The cerebrospinal fluid (CSF) of people with progressive multiple sclerosis (MS) contains elevated levels of specific fatty molecules that disrupt the energy “powerhouses” of nerve cells, and appear to underlie the neurodegeneration seen on brain scans of these patients, a study reveals.
The research, which compared the CSF of relapsing-remitting (RRMS) and progressive MS patients, identified mechanisms that may support new treatments aiming to effectively halt progressive forms of the disease, its researchers say.
The study “A metabolic perspective on CSF-mediated neurodegeneration in multiple sclerosis” was published in the journal Brain.
RRMS, the most common form of MS, is characterized by demyelinating inflammatory episodes with clinical symptoms, followed by periods of clinical remission. Approximately half of these patients later transition to secondary progressive MS (SPMS), with continuing neurological decline. Unlike RRMS, SPMS is marked by a gradual, but increasing, burden of neurological disability without clinical remission.
Effective therapies help in managing RRMS, but treatments for progressive MS are more challenging.
Prior research suggests that the cellular structures that work as energy powerhouses — called mitochondria — are not functioning properly in the brain of people with progressive MS. However, the chain of events at the molecular level that underlies this process is still unknown.
“Because the brain is bathed by the cerebrospinal fluid (CSF), we asked whether treating cultured neurons [nerve cells] with the CSF from MS patients with a relapsing-remitting or a progressive disease course would possibly elicit different effects on neuronal mitochondrial function,” Patrizia Casaccia, MD, PhD, the study’s senior leader, said in a press release.
The CSF is a clear, plasma-like fluid found in the central nervous system (CNS), composed of the brain and spinal cord. There, it plays several important roles: it provides the CNS with nutrients (glucose or sugar, proteins and fats), helps to remove its waste products, contributes to immune system defenses, and absorbs shocks.
Researchers exposed rat neurons growing in the lab (cultured cells) to CSF samples collected from multiple MS patients, including 15 people with RRMS and 29 with progressive MS (15 with SPMS, and 14 with primary progressive MS or PPMS), to investigate potential mechanisms of neurodegeneration.
Visualizing neurons under a microscope revealed “dramatic differences” in the mitochondria of nerve cells exposed to the CSF of progressive MS patients, they said. Such exposure disturbed the mitochondria’s shape, making them fuse and elongate. Further analysis showed these changes rendered mitochondria less able to produce energy, eventually resulting in nerve cell damage.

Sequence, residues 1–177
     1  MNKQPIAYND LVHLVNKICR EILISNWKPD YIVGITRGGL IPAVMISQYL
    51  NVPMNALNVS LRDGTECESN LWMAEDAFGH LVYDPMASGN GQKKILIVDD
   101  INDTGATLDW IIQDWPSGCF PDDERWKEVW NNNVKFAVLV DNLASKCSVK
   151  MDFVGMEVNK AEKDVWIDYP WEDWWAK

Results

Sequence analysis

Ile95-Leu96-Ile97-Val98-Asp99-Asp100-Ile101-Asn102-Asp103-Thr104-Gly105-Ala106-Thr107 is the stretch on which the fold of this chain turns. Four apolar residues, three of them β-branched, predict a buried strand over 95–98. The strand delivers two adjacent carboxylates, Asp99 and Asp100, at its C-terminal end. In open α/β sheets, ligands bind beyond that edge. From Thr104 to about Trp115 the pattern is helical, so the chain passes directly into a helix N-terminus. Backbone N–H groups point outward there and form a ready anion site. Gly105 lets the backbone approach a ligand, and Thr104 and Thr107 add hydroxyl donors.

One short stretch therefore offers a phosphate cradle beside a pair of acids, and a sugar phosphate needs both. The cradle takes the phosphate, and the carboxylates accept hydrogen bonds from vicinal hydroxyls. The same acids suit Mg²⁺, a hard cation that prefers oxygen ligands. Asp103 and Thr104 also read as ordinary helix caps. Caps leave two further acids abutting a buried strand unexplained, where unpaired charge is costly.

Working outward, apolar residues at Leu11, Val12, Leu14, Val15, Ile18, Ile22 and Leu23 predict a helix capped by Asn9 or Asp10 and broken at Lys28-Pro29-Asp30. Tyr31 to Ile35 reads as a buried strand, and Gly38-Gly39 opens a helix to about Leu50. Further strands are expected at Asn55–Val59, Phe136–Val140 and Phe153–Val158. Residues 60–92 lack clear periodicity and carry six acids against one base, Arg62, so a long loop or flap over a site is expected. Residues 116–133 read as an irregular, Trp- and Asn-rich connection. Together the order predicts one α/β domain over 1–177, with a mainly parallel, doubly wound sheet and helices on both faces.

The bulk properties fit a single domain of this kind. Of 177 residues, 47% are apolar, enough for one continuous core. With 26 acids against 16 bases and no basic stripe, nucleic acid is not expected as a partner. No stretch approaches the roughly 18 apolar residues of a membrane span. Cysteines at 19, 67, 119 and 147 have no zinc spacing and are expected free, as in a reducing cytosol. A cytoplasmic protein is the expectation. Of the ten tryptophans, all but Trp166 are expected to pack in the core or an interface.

To find out which molecular changes might underlie those neurotoxic effects, and after excluding the involvement of proteins, the scientists screened for changes in the abundance of multiple lipids (fats) in the CSF of RRMS and progressive MS patients.
Progressive patients had higher CSF levels of a specific ceramide (C24), a family of waxy lipid molecules abundant in the membrane of cells, the screening revealed.
Supporting ceramide-driven neurotoxicity, rat neurons exposed to C24 showed mitochondria impairments and neuronal damage akin to those neurons put in contact with CSF from progressive MS patients.
The scientists further discovered that ceramide’s harmful effects depended on two cellular mechanisms. “On one end, ceramides impaired the ability of neurons to make energy by directly damaging the mitochondria. On the other end, they also forced neurons to more rapidly uptake glucose in an attempt to provide energy for the cell,” said Maureen Wentling, a research associate in the Casaccia lab, and the study’s first author.
Consistent with this, adding glucose to the cultured rat neurons rescued the neurotoxic effect of the CSF.
“Thus, ceramide levels in the CSF of patients with progressive multiple sclerosis not only impaired mitochondrial respiration, but also decreased the bioavailability of glucose by increasing its uptake,” the researchers wrote.
“Together these data suggest a condition of ‘virtual hypoglycosis’ [low glucose levels] induced by the CSF of progressive patients in cultured neurons, and suggest a critical temporal window of intervention for the rescue of the metabolic impairment of neuronal bioenergetics underlying neurodegeneration in multiple sclerosis patients,” they concluded.